In an official statement on Friday, December 6, 2019, President Michel Aoun stressed that the creation of a “new government” would assist Lebanon’s friends and allies to implement the Cedre process. He went on to add that the Caretaker Government had begun preparing a development plan to see this through.
On April 6, 2019, France hosted in Paris the international conference in support of Lebanon development and reforms, CEDRE (Conférence économique pour le développement, par les réformes et avec les entreprises).
Lebanon had won aid pledges exceeding $11 billion at the international conference, which aimed at rallying international support for an investment program to assist Lebanon’s dwindling economy.
Upon welcoming a British economic delegation on December 6, 2019, President Aoun stressed that gas and oil exploration is still scheduled to start by January 2020, adding that this would enable Lebanon to extract and produce these sources of energy. But how is that going to happen?
Back in November, Caretaker Minister of Energy Nada Boustani stated that the drilling of Lebanon’s first exploratory well for oil and gas is still set to take place in December 2019 (unlikely at the moment) or January 2020 (probably still unlikely), at the latest. She also assured that the necessary equipment for the exploration and extraction would soon arrive at the Port of Beirut for this purpose.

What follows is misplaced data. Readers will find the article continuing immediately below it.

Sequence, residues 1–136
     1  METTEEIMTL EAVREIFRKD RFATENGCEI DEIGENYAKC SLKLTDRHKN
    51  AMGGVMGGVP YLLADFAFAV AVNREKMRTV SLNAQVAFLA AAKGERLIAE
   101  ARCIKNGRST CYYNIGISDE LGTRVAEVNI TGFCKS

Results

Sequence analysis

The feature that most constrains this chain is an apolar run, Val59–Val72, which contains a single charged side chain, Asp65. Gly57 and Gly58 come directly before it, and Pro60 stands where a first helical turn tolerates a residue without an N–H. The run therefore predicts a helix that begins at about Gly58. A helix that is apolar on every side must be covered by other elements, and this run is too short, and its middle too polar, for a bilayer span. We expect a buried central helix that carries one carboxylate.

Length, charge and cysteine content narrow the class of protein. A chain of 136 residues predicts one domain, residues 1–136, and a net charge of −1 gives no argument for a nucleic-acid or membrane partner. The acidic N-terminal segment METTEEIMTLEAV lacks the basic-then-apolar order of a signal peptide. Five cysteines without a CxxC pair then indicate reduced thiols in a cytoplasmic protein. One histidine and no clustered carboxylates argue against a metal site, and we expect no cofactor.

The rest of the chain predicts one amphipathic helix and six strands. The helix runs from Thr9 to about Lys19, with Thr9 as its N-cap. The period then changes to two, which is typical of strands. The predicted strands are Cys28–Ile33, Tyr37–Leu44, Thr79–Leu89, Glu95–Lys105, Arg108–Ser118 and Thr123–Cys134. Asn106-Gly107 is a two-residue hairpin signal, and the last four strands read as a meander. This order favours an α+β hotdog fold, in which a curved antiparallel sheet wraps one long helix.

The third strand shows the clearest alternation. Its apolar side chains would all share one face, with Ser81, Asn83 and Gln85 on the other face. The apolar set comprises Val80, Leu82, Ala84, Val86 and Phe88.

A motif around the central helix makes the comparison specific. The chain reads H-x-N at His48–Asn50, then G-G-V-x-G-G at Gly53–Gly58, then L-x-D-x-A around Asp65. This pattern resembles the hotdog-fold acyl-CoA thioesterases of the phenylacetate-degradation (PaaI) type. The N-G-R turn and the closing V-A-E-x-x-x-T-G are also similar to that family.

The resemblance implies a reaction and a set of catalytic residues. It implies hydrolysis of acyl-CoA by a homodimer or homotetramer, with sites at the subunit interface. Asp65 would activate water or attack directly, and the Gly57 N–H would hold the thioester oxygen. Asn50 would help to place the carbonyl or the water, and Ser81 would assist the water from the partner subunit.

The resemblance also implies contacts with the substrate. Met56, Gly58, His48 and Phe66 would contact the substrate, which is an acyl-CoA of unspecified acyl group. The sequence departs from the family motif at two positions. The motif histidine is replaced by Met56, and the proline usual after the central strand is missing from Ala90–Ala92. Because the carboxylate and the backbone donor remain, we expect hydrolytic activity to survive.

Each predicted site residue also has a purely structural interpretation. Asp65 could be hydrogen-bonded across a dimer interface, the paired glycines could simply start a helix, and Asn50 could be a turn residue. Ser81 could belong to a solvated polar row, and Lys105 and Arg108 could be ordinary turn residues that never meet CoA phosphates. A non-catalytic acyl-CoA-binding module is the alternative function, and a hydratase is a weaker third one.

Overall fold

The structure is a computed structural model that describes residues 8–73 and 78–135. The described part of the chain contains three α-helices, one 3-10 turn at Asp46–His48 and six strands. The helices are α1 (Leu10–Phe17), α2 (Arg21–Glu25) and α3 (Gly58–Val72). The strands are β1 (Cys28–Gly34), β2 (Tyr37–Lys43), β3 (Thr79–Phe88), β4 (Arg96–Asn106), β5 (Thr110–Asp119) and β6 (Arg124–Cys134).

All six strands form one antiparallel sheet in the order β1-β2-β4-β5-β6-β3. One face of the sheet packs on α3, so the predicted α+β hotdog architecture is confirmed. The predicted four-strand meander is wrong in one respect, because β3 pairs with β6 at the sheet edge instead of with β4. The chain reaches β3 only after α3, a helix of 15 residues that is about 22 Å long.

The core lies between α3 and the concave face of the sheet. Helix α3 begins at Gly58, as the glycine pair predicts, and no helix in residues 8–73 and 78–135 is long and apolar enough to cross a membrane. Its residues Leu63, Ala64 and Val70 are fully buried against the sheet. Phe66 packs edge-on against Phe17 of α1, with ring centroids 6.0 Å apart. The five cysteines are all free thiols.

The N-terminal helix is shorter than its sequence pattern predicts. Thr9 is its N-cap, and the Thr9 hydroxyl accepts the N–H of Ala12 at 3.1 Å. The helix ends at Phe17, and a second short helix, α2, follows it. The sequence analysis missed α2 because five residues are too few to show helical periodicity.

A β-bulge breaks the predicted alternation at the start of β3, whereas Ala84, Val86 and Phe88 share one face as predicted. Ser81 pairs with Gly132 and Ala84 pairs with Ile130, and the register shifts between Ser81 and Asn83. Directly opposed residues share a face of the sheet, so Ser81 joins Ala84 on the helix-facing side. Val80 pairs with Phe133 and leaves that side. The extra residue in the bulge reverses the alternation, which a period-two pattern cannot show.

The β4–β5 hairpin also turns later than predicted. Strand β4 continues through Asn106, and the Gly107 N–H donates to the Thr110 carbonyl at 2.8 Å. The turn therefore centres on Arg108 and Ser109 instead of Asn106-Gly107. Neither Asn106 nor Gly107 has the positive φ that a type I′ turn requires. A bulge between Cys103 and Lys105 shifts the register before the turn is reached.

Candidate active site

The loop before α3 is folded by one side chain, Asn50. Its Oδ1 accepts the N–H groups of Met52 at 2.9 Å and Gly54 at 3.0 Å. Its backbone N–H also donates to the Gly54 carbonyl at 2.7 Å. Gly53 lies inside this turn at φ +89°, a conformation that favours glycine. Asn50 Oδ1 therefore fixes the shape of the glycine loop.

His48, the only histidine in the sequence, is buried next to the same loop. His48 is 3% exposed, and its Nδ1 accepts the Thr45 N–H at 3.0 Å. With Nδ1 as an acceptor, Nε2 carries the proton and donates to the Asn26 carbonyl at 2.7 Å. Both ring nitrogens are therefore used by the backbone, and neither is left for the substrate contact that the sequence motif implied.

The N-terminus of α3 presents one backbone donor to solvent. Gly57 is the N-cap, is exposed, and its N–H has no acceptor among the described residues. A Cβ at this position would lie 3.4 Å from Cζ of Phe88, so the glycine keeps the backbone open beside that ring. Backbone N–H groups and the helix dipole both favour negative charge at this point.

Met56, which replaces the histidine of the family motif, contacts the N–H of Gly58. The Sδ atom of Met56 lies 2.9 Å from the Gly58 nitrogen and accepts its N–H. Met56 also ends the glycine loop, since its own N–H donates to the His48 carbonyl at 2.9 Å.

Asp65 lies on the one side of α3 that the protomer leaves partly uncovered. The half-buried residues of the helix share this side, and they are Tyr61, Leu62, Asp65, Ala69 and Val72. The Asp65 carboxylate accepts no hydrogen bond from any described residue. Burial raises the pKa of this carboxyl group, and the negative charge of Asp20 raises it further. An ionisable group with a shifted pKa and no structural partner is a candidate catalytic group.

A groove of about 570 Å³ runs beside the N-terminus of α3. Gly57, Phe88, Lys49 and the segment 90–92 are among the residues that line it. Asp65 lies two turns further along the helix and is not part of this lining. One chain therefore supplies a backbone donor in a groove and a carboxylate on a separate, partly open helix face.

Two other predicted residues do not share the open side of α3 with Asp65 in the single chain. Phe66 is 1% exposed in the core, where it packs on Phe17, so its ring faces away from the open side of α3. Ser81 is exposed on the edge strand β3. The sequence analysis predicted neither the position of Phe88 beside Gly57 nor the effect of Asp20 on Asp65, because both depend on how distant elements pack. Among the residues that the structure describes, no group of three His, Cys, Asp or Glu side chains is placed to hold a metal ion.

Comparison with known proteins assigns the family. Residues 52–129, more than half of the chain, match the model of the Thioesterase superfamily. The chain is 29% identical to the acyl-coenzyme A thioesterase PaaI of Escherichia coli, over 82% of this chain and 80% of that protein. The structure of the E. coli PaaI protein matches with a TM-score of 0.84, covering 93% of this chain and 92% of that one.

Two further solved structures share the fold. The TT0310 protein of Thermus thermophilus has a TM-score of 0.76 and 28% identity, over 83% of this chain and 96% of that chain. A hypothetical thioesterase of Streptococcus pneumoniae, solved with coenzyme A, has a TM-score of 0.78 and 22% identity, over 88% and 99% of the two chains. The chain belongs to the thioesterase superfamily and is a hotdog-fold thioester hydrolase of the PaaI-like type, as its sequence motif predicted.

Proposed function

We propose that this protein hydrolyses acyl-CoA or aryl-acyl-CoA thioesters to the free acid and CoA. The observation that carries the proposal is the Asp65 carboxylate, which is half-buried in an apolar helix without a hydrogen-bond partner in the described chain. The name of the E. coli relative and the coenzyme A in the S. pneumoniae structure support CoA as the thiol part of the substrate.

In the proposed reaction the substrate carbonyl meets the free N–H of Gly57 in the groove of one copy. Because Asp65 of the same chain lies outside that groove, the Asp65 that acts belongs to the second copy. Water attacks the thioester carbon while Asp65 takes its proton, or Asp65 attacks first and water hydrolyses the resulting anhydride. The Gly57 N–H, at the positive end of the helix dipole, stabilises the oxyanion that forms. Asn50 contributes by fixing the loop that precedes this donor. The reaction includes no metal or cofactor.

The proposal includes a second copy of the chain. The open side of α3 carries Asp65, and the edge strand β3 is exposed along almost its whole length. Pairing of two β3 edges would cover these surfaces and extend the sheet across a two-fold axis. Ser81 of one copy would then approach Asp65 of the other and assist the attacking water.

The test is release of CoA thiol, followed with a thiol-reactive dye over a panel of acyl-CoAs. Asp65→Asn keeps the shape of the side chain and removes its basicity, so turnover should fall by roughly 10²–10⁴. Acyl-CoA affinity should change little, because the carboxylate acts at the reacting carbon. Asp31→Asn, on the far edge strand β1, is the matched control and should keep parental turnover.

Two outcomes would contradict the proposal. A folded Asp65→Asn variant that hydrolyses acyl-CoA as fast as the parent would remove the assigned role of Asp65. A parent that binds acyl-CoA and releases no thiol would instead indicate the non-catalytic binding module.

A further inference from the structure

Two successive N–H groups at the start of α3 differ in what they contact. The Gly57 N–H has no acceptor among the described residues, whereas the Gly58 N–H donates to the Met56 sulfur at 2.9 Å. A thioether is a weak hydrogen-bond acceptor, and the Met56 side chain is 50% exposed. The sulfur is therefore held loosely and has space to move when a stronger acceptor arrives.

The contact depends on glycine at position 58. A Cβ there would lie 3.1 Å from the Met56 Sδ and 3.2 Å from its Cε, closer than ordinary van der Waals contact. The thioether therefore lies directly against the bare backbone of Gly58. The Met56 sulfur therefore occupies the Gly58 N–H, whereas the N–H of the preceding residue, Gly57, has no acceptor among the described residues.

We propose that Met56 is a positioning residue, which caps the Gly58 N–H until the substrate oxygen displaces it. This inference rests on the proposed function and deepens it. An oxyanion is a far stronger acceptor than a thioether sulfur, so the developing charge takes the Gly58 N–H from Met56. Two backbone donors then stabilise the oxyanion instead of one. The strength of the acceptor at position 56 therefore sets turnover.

“The drilling ship is currently in Egypt. It will finish and come to Lebanon by December or January,” Boustani said as she oversaw the opening of the equipment containers at the Port of Beirut. The ship is reportedly going to begin its exploration in an attempt to determine if there are commercially viable quantities of hydrocarbons in offshore Block 4.
In February 2018, Lebanon signed its first offshore oil and gas exploration and production agreements for blocks 4 and 9. The government had approved bids by an international consortium of energy companies comprising France’s Total, Italy’s Eni and Russia’s Novatek.
In light of recent developments and quite a political deadlock right before the Holidays, how likely is it that this will take place? And even more so, how likely is it to get people off the streets? Stabilize our economy? And help Lebanese people keep themselves afloat?
With President Aoun’s reassurance that this plan is still on track, we can only hope we are wrong about our doubts. Social media outrage surrounding the issue has proven for a while now that Lebanese people simply don’t believe that this sector will not become just as corrupt as the rest.